To create real change, he adds, “you have to create conditions where powerful organisations in society want the rule of law; and precisely because this is not the case, we are not making progress.”
Identifying the sticking points
The worldwide drive against corruption has been gaining force since 2005, when the United Nations Convention Against Corruption became the first international legal instrument to address the topic. Global efforts since then have been typified by the International Monetary Fund’s naming of four main pillars of effective anti-corruption strategies: transparency; enhancing the rule of law; economic reform; and bolstering institutions.
But in Khan’s view, this approach leans too heavily on the developed world’s understanding and experiences of corruption, and fails to take account of the differences between advanced and developing economies.
Advanced economies, for example, have large numbers of productive organisations that require an effective rule of law to do business. But developing countries inevitably have a smaller number, and powerful interests often benefit from violating rules – avoiding taxes or ignoring regulations, for example. So attempts to enforce the rule of law are likely to find much less support amongst key decision-makers in the developing world; and thus they will often fall flat.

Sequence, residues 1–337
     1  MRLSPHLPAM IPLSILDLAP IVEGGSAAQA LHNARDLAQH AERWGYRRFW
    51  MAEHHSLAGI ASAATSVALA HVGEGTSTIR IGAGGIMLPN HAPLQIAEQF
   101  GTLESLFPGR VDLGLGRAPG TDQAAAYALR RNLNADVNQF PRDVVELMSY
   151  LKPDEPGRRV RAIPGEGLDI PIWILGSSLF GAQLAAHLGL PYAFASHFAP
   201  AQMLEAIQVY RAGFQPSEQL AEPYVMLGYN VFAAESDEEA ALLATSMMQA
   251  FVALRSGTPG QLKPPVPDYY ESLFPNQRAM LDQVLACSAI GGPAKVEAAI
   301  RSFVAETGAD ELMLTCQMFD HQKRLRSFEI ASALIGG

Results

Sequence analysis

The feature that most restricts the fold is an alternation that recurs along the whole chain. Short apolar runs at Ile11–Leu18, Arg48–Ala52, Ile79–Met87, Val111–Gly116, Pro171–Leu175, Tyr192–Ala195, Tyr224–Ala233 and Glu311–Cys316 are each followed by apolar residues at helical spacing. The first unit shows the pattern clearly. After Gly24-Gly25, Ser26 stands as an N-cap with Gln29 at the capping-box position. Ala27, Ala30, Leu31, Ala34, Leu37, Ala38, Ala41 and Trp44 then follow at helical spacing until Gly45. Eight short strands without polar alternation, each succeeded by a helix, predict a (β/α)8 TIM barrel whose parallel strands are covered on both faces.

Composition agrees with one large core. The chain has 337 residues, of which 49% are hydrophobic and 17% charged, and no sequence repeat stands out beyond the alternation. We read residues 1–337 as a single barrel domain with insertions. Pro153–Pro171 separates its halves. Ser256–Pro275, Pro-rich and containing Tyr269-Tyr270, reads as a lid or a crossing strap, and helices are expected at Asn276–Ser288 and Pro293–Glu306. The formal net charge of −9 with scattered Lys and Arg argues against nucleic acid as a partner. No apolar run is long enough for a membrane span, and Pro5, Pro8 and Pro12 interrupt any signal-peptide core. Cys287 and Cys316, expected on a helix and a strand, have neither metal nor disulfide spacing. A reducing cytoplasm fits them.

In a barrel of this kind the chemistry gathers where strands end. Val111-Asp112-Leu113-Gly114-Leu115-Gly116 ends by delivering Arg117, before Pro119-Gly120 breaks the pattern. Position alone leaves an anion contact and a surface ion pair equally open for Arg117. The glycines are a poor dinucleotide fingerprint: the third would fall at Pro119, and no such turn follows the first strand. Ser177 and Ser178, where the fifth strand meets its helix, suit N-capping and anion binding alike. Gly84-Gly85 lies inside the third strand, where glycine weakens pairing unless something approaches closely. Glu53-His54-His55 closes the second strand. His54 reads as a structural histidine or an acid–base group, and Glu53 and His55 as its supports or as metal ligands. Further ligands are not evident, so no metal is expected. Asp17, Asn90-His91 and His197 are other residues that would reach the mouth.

Many campaigners argue that improving transparency helps to reveal corruption – and indeed, the threat of being unmasked may deter people from corrupt practices. But in developing countries, much of the population may already know where corruption lies; the problem lies in cleaning up organisations whose leaders both benefit from the corruption, and have reached the top by mastering and controlling a corrupt system. Powerful organisations and politicians may not want a strong rule of law or effective institutions that obstruct illegal behaviour.
The weaknesses of the enforcement and transparency approach are illustrated by its application to political donations – for even in many countries with supposedly low levels of corruption, vested interests are skilled at subverting the rules. The UK, for example, has seen a string of scandals revolving around attempts to avoid declaring political donations or payments to politicians. Where powerful groups wish to resist stringent regulation or to find ways around the rules, enforcement-based approaches can’t address systemic corruption.
The ACE approach
Instead of taking this conventional approach, the ACE programme attempts to understand the specific drivers and enablers of corruption within a particular sector of a specific society, and to find ways of changing the environment within which corrupt actors operate – identifying reforms that will find support amongst key players, whilst changing the incentives structure to reward honesty rather than corruption.